Disclaimer: the views expressed hereby represent the personal impressions and opinion of the writer, and do not attempt to represent SCB as a whole.
After a relatively short day yesterday, today everyone again bunkered in enormous windowless Plenary rooms named Maximus, little suspecting we would still be there 13 hours later. In the morning the Plenary established three Contact Groups (CGs), which are ‘smaller’ meetings between the IPBES Members, to discuss point-by-point, line-by-line the documents that will hopefully be approved at the end of this week. At lunch, the Contact Group for the Budget met; the CG for the Work Programme and Conceptual Framework as well as the CG for Procedures started work at 5pm, working all the way through to 22:30 with a break for dinner.
Joining the CG for Procedures, review started upbeat, with two decisions in quick succession: IPBES would adopt the historical UN Regional groupings into the future for IPBES, and second, that the number of persons in the so called “Multidisciplinary Expert Panel” (MEP) from each of these regions will for the foreseeable future remain at five.
After these decisions, however, the situation rapidly unwound. We spent thirty minutes discussing whether definitions of terms needed to be added to the beginning of the Procedures document, or whether it was sufficient to document them separately. At around 9pm, Argentina threw a major spanner in the works by stating that the process of acceptance-adoption-approval of reports were not only not understandable, but unacceptable to them. Despite Bob Watson’s emphatic insistence that the procedure was exactly the same as the IPCC procedure, Argentina resisted and insisted that IPBES was not the IPCC, that the introduction of the ‘validation’ concept was legally unique, and that without further legal clarity with rules, there could be no progress on this section. Post-square-bracketing, the CG moved on to an issue that made your two SCB delegates sit up nice and tall: the issue of whether Stakeholders would have the privilege of nominating experts into the process, alongside States?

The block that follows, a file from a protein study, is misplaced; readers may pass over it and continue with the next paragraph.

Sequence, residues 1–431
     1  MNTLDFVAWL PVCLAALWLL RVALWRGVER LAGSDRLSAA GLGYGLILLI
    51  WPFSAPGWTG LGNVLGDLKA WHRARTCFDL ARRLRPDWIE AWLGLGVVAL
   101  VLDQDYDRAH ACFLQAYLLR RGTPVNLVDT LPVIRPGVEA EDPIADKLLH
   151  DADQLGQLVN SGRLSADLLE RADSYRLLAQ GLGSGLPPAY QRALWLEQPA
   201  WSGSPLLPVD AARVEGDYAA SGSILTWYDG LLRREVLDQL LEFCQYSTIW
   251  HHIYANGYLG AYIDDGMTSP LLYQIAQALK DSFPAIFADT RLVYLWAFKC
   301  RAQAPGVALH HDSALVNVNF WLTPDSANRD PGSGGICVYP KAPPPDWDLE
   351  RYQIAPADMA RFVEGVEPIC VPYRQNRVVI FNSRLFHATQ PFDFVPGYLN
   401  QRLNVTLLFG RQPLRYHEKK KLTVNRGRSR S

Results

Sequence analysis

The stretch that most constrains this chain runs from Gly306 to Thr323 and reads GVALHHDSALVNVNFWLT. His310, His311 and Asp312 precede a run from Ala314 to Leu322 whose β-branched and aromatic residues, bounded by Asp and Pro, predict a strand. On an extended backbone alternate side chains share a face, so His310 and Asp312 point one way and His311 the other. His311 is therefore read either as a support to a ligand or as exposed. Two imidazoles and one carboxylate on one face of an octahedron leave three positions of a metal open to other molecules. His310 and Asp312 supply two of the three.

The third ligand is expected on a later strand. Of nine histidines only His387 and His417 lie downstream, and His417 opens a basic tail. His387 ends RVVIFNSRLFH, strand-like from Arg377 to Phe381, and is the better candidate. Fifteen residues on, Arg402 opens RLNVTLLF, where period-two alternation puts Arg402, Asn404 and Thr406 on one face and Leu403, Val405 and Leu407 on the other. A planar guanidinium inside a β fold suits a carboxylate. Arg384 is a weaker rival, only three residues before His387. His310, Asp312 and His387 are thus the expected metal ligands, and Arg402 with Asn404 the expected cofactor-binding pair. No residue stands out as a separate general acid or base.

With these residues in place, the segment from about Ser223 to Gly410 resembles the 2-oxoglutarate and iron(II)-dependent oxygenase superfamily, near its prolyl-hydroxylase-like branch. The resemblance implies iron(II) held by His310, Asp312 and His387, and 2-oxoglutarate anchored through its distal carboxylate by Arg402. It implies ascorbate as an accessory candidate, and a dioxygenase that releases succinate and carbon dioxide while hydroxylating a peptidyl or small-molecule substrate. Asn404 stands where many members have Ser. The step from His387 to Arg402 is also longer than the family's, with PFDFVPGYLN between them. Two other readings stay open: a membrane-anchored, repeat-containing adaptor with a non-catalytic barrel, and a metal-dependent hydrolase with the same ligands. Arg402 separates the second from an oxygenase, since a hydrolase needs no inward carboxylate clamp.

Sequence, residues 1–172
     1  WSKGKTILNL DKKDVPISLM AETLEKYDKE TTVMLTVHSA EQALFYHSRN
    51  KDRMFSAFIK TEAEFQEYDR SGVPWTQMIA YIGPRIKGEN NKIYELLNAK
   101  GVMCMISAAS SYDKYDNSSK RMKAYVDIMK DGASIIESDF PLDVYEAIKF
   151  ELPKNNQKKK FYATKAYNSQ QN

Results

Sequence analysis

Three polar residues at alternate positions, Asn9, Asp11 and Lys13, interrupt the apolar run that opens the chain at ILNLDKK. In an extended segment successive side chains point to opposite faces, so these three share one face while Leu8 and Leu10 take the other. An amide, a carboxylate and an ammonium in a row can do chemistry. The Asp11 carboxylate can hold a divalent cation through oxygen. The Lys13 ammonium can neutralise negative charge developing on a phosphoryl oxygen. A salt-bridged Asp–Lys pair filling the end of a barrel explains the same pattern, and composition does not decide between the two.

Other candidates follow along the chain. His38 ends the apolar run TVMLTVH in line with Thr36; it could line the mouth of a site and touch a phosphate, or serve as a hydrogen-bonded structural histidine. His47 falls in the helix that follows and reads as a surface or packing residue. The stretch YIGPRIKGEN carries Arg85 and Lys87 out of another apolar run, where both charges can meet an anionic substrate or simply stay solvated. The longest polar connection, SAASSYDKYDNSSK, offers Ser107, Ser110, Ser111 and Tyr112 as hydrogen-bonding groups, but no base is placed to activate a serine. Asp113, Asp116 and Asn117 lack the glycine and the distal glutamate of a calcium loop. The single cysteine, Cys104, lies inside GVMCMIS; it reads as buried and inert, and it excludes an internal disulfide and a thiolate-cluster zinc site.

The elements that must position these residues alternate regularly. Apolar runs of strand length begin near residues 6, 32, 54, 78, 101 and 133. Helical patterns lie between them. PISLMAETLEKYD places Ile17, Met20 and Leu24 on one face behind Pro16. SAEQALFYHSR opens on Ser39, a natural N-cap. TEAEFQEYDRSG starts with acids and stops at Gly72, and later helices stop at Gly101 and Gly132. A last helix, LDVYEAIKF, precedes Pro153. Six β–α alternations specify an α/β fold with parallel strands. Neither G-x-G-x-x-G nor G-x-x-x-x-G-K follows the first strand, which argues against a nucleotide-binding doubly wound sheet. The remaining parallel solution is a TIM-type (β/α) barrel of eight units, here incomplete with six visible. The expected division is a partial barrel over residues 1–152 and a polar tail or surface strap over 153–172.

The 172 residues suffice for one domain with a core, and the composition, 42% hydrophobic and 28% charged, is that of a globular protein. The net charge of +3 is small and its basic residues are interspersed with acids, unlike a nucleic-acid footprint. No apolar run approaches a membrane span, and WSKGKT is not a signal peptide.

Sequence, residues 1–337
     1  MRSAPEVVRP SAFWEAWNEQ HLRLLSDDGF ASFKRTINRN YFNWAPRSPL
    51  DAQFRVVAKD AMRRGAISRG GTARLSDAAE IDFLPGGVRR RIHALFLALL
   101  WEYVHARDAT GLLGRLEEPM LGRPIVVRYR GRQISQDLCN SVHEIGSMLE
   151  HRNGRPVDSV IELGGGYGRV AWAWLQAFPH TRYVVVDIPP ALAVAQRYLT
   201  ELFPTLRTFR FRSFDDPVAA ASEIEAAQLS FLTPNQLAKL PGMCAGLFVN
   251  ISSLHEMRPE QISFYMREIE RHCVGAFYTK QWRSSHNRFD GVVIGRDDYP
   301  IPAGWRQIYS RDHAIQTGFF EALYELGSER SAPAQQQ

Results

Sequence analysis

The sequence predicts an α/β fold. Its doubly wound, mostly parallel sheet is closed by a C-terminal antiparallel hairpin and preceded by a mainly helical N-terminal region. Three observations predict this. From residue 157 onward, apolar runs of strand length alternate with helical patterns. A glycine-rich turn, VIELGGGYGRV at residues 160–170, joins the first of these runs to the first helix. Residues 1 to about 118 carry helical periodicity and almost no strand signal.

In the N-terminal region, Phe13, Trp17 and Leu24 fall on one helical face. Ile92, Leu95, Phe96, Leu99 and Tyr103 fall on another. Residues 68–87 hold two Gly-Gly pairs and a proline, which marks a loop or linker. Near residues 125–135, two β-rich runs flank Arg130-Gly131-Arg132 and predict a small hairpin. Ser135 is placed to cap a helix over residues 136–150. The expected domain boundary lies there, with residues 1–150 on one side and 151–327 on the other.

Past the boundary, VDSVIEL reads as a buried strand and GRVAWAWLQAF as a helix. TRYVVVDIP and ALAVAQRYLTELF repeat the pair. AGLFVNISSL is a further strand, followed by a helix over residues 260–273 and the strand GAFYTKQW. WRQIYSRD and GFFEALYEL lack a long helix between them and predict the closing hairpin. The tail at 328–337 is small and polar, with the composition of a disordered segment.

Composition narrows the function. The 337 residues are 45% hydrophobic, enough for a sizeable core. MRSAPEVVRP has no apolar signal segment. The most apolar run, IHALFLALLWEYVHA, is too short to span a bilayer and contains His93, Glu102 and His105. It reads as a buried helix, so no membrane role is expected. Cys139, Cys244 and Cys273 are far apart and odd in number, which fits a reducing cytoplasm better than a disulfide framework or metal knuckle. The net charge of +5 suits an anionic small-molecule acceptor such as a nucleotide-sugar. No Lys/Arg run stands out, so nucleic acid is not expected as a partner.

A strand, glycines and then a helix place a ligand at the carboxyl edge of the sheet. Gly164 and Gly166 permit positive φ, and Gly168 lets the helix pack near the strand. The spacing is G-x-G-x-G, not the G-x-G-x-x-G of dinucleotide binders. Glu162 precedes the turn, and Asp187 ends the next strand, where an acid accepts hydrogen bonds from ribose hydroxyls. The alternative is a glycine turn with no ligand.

Very much to our surprise, this appears to not be a straightforward decision by the Members that were in the room, with several (USA, Canada) expressing that they were yet to hold an opinion, while Egypt, Japan, Russia and Argentina were not in favour of direct stakeholder nominations. The EU, led by Lithuania, expressed that they supported nominations by stakeholders.
If stakeholders’ expertise and right to participate in an effective way are not recognised, IPBES risks losing its connection to the scientific community. IPBES will then not only miss the chance to utilize the scientific network for identifying experts, but even more severe – if only governments can suggest experts, the whole process will be seen as political and lacking scientific credibility.
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